TOKYO -- Japan will establish a new fund as early as 2018 to support refurbishing traditional architecture into restaurants or lodging as the country tries to attract foreign tourists to energize regional economies.
The Regional Economy Vitalization Corp. of Japan already plays a supporting role in the effort to promote tourism beyond major urban areas. But with that government fund to cease operations in 2023, the new 50 billion yen ($468 million) public-private fund will take over a portion of its functions.
The Japan Tourism Agency will set up an advisory board of city-planning experts as early as this year to offer guidance to local governments. The board will likely consist of business managers, architects, chefs and representatives of local financial institutions.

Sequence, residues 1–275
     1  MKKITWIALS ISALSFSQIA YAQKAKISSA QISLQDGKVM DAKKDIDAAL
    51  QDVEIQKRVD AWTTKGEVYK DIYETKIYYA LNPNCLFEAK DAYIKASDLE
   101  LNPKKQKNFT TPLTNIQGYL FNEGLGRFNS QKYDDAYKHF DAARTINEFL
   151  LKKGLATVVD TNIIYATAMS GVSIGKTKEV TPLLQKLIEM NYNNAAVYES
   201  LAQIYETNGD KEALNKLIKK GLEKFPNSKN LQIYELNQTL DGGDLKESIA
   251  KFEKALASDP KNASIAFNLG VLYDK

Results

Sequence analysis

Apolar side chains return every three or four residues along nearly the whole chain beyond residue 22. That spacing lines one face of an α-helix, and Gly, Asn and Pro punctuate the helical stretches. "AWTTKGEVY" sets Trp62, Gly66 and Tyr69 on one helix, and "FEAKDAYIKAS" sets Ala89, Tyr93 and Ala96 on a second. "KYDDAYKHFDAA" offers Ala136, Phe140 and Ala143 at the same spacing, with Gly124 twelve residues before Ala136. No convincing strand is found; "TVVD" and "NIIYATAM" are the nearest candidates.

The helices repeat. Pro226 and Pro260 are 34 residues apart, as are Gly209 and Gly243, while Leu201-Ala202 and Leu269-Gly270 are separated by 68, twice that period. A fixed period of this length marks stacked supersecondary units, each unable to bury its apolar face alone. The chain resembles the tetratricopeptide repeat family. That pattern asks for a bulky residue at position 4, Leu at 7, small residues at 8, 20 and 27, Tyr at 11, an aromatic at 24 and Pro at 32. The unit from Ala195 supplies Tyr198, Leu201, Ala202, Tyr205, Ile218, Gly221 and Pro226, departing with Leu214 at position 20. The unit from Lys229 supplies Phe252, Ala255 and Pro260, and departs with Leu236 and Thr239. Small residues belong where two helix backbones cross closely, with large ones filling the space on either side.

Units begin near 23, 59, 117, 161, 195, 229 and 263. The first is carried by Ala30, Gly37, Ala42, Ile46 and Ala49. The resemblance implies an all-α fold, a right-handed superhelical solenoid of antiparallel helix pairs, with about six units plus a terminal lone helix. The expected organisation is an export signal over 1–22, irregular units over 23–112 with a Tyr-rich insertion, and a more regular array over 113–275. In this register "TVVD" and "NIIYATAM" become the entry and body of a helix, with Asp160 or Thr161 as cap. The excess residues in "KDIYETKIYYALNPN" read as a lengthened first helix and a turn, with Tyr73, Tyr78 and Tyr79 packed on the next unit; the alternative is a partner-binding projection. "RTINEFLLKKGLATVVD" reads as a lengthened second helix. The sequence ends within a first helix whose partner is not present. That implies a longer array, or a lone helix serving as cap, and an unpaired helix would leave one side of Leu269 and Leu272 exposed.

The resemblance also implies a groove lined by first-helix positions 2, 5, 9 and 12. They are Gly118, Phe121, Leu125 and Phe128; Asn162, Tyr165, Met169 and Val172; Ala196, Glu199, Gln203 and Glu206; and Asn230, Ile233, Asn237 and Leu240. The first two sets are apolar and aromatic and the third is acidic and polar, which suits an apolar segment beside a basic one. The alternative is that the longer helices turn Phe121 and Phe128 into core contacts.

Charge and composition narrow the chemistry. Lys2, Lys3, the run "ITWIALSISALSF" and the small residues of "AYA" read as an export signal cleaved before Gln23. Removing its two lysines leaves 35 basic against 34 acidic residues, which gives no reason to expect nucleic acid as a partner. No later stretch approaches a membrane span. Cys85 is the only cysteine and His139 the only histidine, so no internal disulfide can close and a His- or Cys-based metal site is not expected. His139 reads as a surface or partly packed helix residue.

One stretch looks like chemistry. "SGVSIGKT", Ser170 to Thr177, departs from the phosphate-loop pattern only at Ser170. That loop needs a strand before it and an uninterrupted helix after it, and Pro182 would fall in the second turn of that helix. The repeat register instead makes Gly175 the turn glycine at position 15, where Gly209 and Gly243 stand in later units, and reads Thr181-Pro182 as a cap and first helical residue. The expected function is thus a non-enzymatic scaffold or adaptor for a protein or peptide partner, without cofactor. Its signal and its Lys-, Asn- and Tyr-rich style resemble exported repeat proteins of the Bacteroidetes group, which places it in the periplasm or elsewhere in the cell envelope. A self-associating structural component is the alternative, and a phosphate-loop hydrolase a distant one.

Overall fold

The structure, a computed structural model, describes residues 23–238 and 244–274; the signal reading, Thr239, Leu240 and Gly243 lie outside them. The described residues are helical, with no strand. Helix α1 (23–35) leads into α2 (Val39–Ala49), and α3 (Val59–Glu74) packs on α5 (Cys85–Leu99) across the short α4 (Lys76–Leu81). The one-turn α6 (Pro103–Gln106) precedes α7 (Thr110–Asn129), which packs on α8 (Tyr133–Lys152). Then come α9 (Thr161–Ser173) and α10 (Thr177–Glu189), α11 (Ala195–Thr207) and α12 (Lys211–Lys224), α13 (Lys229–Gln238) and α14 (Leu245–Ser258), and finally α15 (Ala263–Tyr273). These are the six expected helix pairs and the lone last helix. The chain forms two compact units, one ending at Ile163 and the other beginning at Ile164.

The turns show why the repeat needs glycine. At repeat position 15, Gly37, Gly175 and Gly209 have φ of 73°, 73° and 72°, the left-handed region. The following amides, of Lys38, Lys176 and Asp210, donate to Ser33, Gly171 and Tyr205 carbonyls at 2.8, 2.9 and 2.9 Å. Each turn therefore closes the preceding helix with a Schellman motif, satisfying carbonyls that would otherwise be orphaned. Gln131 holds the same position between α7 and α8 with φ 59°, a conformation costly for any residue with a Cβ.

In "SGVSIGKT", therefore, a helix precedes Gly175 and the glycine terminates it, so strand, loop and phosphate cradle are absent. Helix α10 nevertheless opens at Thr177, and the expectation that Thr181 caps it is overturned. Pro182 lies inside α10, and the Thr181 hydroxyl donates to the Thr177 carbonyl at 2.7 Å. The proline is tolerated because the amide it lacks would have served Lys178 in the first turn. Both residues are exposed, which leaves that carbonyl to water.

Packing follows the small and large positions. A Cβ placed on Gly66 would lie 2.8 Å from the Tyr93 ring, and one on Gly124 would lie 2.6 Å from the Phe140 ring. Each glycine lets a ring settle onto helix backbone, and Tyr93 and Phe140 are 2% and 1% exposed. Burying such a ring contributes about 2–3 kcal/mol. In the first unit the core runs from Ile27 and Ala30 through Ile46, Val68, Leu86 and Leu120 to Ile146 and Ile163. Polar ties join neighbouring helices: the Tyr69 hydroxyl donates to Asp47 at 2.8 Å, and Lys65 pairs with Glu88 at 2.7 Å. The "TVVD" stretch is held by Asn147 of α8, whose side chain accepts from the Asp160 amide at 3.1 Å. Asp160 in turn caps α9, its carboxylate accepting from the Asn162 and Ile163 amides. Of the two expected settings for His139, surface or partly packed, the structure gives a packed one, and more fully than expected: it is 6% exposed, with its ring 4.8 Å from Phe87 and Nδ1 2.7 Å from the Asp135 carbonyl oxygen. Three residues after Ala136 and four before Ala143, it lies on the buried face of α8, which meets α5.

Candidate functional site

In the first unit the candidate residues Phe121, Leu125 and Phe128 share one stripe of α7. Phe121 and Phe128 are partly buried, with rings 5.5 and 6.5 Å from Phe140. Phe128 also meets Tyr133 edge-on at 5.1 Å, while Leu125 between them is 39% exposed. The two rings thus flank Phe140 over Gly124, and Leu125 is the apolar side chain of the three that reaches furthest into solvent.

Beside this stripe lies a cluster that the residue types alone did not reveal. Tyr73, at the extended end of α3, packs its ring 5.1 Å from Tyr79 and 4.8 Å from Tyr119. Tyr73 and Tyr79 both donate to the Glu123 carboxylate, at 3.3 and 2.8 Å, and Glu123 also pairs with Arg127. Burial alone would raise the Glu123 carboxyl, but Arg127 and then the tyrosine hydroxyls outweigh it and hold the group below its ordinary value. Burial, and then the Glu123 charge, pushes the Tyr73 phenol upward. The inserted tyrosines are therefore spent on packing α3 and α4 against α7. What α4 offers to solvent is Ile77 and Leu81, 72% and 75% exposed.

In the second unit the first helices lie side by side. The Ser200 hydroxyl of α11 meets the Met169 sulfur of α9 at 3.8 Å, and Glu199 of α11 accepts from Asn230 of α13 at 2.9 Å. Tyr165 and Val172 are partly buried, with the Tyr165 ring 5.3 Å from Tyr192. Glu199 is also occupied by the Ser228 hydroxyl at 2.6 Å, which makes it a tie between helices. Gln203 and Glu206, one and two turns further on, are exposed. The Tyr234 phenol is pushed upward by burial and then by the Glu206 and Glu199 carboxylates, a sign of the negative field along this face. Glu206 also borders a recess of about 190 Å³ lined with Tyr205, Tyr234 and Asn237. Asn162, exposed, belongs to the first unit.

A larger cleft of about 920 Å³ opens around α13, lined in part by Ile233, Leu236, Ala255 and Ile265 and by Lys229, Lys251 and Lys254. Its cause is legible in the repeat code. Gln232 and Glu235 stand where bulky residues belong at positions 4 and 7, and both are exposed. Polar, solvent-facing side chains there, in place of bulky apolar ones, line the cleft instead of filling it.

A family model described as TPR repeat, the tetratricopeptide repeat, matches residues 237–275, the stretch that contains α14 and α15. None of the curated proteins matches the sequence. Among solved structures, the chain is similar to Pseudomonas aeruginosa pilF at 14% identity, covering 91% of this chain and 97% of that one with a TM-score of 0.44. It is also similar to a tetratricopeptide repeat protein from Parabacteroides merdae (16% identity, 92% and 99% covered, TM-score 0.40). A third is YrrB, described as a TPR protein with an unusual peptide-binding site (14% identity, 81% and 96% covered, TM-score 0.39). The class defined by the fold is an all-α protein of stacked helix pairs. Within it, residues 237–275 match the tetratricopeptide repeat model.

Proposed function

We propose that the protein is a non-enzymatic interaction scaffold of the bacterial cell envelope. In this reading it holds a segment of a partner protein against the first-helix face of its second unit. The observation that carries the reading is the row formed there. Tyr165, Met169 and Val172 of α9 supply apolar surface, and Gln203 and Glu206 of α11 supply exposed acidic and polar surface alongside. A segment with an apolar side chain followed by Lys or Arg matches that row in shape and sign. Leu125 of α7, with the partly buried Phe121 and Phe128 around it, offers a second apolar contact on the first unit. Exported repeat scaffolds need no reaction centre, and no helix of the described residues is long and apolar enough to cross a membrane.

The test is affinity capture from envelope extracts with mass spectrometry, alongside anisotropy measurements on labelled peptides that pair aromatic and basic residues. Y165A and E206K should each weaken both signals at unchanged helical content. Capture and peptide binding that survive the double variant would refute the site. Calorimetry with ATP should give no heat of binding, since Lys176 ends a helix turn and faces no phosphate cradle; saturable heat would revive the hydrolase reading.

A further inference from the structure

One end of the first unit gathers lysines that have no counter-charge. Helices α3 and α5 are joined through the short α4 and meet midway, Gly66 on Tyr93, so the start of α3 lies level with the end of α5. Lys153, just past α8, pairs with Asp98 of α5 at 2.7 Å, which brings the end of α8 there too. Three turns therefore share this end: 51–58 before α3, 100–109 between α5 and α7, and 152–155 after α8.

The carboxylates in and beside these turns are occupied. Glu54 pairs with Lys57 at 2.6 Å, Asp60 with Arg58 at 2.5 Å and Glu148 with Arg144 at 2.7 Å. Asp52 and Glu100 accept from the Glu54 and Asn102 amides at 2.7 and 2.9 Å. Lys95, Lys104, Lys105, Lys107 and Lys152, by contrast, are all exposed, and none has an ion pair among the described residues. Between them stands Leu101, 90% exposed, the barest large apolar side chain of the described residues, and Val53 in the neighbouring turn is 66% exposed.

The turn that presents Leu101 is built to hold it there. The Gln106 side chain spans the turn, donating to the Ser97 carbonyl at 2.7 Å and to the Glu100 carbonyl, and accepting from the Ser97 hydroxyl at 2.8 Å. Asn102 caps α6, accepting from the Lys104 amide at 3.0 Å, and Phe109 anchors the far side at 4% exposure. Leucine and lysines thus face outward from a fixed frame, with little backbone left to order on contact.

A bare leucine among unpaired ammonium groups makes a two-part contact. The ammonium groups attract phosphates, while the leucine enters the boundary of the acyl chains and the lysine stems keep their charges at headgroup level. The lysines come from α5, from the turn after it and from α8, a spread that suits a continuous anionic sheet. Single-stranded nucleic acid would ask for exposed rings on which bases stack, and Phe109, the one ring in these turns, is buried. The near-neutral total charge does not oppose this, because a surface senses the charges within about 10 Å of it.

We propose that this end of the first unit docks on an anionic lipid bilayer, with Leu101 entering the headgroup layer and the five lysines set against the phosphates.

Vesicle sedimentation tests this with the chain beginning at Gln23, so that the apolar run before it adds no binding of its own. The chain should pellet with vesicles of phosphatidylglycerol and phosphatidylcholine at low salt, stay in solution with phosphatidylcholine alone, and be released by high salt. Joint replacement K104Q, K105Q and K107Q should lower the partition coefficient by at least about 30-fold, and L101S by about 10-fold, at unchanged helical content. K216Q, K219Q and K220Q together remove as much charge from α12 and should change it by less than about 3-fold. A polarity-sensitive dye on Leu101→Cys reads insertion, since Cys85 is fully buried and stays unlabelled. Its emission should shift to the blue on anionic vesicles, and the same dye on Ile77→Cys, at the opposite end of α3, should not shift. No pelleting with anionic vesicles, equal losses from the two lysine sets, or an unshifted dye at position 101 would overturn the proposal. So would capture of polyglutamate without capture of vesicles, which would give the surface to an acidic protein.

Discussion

The government sees the Hyogo Prefecture city of Sasayama as a model. Businesses and the local government partnered to refurbish old traditional and historical buildings into eateries and lodging facilities. Tourist numbers are growing as the city has worked to enhance its charm.
After looking at how Sasayama has made use of traditional architecture, Chief Cabinet Secretary Yoshihide Suga will lead policy discussions. The central government will also consider easing hotel regulations if necessary.
A proposal to set up the fund will be submitted to the 2018 regular Diet session by the Ministry of Land, Infrastructure, Transport and Tourism. The fund would be established by that fall.